Re: writing environments to trick yourself to write--
I think one way to get yourself writing if you're finding your note is to take advantage of *alone time.* And to be very aware of it.
I have a rule I made with myself early on--
1) If I find myself in an empty house, I will *not* do chores instead of writing.
Yes, I might throw clothes quickly in the washer before starting to write, but I will not dust, sweep the floors, "tidy up," or do anything that I feel is "housework."
I have no better way to say this than--
I do not believe that because I was born with a vagina I am the one in charge of keeping this place clean.
(Seriously, who came up with that rule?)
There are 3 of us here. It's our home and my name is not June Cleaver. Period.
I think when writers have time alone, they should write. Second period. That time shouldn't be squandered.
As you can see I'm obviously passionate about this. I am.
If you have a calling to write, a passion to write, a desire to write, you should.
It should be your #1 priority and always in your mind like a cloud, floating around and somewhere in your thoughts.
Life is short, temporary, changing, and one-chance deal (well, you might believe in reincarnation, but you'd comeback with a different name so you couldn't use your writing credits anyway), so make the most of it. Use your time wisely and as best you can.
Throw out your television (and maybe don't check your Facebook acct as much...or email, name your vice and eliminate it). We each have the exact about of hours, your choice what you do with it.
The best writing environment is one where the writer writes.
It is whatever works for you--there are no wrong answers here. If you're writing, you win. It's that easy.
Make yourself a paper medal-of-honor and when you write, wear it. You've earned a reward. Or turn off the internet (something that has turned a lot of productive writers into not-as-productive readers.)
If you need to do "research" on the internet for what you are writing, set a timer-- you have 10 minutes to find what you need, then disconnect the internet if you are even tempted.
Look at your environment and ask yourself, "What is causing me not to write?" And work around it or get rid of whatever it is.
Know your own vices, what stops you from writing?
Here are my vices (in no particular order) and what I've done to "fix" them--
***Check first thing in the morning, check on my iPhone so I can delete/respond faster (you cannot write a long email on an iPhone- or at least I can't)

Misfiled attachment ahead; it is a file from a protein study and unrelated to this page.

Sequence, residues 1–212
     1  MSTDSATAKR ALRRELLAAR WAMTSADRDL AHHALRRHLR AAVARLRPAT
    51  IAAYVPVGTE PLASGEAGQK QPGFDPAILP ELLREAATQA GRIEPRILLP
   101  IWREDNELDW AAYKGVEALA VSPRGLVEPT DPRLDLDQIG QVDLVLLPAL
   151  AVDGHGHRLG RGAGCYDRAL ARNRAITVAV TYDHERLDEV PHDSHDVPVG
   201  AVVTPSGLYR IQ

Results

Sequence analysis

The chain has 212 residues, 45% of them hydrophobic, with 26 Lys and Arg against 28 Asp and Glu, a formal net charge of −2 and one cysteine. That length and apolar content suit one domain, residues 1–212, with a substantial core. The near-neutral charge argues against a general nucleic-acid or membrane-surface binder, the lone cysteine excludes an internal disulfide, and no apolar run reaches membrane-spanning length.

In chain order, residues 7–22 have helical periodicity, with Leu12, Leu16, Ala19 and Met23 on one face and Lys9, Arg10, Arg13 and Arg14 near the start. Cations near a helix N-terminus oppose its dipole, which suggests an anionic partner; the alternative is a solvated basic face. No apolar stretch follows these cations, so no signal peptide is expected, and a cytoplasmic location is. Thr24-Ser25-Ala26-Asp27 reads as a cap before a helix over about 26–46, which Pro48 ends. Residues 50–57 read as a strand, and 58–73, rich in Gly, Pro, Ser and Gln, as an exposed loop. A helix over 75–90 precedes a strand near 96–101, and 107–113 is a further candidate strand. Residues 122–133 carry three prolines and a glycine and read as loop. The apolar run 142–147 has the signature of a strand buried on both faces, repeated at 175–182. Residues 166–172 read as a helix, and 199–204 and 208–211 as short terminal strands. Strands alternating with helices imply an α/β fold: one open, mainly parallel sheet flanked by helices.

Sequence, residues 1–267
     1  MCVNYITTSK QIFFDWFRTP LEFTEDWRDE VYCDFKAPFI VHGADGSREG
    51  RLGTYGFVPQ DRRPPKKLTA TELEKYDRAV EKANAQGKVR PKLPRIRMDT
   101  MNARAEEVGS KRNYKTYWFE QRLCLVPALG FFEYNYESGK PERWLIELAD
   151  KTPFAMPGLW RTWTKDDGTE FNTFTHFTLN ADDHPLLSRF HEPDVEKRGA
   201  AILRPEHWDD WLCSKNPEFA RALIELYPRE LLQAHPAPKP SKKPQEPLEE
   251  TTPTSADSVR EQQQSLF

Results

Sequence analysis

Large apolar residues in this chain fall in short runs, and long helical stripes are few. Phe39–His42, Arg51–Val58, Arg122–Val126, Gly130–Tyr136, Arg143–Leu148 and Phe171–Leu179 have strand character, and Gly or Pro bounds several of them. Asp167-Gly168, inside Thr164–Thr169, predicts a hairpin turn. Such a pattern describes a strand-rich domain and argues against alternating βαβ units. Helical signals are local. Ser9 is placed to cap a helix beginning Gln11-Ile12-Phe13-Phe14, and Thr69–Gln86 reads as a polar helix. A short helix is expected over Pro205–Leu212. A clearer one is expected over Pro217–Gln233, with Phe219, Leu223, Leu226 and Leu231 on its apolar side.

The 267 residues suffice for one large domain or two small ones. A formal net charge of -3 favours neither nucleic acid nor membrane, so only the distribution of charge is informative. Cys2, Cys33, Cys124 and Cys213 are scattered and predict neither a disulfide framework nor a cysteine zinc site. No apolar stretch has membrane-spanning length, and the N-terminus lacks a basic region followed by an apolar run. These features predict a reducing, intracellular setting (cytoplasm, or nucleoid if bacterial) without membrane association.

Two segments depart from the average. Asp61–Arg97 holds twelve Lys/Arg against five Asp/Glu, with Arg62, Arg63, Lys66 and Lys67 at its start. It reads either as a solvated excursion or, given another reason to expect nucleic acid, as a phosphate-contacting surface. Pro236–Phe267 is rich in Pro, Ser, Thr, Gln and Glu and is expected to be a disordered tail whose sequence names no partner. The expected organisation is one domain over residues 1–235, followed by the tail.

2) Getting up to get more coffee/snacks
*** Um, I'm not sure this will ever be fixed, thankfully it doesn't distract that much.
3) Not beginning
*** Writing down what I want to do with a designated time to start writing or how much time (i.e 15 minute, 20 minutes, etc), I will devote to it.
4) MSN or The Huffington Post (I broke the habit of checking this page and realized over the summer, it's come back.)
***Just not going to the website- seriously, I can beat this one.
5) Not knowing where to begin/what to do first/feeling overwhelmed
*** On weeks when I have lots of projects, before I go to bed, I make a numbered list of what I want to accomplish and how long I will spend on each project and put it on my desk. When I wake up and am still in morning-mind, I know where to begin- I go to #1 and get to work.
6) Occasionally Facebook, but the interesting thing about Facebook is-- the less you stay off Facebook, the less you want of Facebook.
*** Facebook is interesting to me because when I'm not on it, I don't want to be on it. I'm already behind in everyone's conversations and it just seems like a big volunteer job I do not want to be part of.
When I came back from my week retreat at Hedgebrook I went to Facebook and was completely overwhelmed. What a lot of noise. If I am in my best writing place, this is how I view Facebook. If I don't see all the overwhelmingness of it--,conversation, photos, etc.--, then I am in American-in-2010 mind, not a great place because it means I'm caught up in the chatter and not in the quiet place, which for me, is best for writing and living.
Where can I write?
I can write anywhere honestly.
It doesn't need to fancy, quiet, clean, or even private. Those things help sometimes, but I will write anywhere if needed.
Just make your writing space the best for you.
And if you don't have a writing space, make one. Even if it's your side of the bed, do something to recognize your space. Just acknowledging a space can make someone write more (and better) because you're taking your writing seriously.
So that's my 5 days worth of answers.
I tend to be so mouthy about it because I think it's important. If we want to write, than we should. I believe there's a larger reason why we have this urge and we need to follow it- that's what I believe. Even when it's scary and we're not sure where it's going or if it's even going anywhere.
I will end with a few who say it better than I do--
Writing is the only thing that, when I do it, I don't feel I should be doing something else.
I can’t help but to write, I have a inner need for it. If I’m not in the middle of some literary project, I’m utterly lost, unhappy and distressed. As soon as I get started, I calm down.
If you ask me what I came to do in this world, I, an artist, will answer you: I am here to live out loud.
--now, go live out loud.